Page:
Expanded Worldwide Versus Territorial Taxation After the TCJA
18 Pages Posted: 19 Dec 2018 Last revised: 19 Mar 2019
Date Written: December 3, 2018
One of the principal U.S. tax policy issues leading up to the Tax Cuts and Jobs Act was how foreign-source active business income of U.S. multinational enterprises should be taxed by the United States if the system of deferring U.S. tax on active foreign income of a foreign subsidiary was ended. Much of the U.S. multinational business community urged that the United States adopt a territorial or exemption system, while others, including many labor-backed groups, favored adopting an expanded worldwide tax regime. As others have observed, Congress chose both. This report takes a preliminary look at the extent to which the TCJA's purely outbound international provisions caused a degree of movement in either direction.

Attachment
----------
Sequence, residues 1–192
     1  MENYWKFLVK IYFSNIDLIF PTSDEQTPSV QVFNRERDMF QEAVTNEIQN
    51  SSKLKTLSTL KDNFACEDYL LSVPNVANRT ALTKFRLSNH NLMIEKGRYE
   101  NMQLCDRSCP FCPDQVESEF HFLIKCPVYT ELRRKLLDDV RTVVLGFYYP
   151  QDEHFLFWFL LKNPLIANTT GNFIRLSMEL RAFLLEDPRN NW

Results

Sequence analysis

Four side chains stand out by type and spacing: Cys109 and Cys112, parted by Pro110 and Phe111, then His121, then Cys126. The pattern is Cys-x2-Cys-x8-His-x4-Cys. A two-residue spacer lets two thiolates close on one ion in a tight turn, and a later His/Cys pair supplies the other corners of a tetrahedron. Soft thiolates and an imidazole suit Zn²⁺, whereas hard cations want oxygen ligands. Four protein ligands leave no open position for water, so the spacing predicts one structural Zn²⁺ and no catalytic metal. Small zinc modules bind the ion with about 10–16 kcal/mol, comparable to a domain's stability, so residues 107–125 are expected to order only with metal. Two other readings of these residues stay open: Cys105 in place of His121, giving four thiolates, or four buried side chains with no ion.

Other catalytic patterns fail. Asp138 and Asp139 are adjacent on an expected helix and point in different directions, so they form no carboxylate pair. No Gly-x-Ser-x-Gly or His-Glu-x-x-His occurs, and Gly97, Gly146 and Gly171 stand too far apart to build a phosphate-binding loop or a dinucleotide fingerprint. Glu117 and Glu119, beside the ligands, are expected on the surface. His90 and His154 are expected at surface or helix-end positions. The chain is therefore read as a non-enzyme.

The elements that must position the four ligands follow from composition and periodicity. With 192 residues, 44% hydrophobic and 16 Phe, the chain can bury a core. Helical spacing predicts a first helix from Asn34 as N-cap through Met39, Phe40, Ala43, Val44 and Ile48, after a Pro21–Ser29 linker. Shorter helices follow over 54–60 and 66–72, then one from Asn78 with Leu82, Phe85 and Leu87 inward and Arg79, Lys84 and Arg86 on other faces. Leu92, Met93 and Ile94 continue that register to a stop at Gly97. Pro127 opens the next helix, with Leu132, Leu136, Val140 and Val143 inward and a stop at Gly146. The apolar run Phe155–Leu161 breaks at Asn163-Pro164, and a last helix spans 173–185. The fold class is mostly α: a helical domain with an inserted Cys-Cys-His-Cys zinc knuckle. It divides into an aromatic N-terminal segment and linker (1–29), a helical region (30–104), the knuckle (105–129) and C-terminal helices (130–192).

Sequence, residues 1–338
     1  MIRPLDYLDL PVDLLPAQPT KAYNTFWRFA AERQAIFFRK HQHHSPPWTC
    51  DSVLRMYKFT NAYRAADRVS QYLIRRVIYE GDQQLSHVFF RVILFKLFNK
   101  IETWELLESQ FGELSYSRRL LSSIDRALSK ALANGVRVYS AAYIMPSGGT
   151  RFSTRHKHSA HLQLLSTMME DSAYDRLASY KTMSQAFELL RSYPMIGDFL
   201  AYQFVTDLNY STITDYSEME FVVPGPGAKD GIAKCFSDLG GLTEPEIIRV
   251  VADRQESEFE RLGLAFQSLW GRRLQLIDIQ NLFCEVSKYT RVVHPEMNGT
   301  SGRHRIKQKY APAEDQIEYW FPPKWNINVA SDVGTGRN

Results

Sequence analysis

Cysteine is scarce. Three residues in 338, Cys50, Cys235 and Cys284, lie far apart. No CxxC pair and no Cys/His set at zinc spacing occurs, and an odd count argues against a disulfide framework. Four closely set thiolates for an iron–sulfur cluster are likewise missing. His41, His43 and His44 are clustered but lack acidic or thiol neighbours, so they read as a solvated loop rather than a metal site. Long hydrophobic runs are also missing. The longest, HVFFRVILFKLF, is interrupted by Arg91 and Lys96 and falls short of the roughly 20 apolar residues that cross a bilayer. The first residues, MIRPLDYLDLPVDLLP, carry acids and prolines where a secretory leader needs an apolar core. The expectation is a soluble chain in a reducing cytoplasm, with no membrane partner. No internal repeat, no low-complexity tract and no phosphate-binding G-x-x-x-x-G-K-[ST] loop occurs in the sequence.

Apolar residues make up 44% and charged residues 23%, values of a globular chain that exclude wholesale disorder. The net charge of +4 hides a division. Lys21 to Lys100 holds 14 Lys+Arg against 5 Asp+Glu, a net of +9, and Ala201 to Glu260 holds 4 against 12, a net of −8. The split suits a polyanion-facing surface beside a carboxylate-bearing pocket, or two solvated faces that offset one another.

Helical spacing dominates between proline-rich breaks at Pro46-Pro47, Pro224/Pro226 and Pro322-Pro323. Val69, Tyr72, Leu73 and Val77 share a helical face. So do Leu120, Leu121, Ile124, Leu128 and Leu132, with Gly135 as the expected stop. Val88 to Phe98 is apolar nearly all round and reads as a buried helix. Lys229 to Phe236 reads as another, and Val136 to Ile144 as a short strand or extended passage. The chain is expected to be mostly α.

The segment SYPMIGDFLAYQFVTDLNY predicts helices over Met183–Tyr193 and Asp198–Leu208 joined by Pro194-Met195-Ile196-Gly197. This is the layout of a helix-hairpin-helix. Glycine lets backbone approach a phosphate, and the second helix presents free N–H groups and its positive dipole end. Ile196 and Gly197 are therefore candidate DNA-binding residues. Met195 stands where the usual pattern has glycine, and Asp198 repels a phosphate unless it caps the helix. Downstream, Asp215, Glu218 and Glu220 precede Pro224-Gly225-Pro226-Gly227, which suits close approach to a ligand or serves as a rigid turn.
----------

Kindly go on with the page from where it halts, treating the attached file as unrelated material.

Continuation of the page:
The TCJA created a more complex international system that manages to include elements of territoriality, expanded worldwide taxation, and even deferral. Consequently, the TCJA does not resolve the territorial versus worldwide debate, but extends it.
When the one-time acceleration of tax on deferred earnings is set aside, the TCJA's ongoing outbound rules are estimated to actually lose revenue, thus supporting a conclusion that the U.S. international tax system has shifted toward territoriality, although not nearly so much as territoriality advocates had hoped.
The authors have concluded that expanded worldwide taxation is the normatively preferred position. The report explains how the new global intangible low-taxed income regime may serve as a platform to shift the U.S. international tax regime to expanded worldwide taxation and identifies steps that would accomplish that objective.
Keywords: International Income Taxation, Transnational Taxation, Tax Policy, Income Taxation
JEL Classification: H21, H25, H26, K34
Suggested Citation: Suggested Citation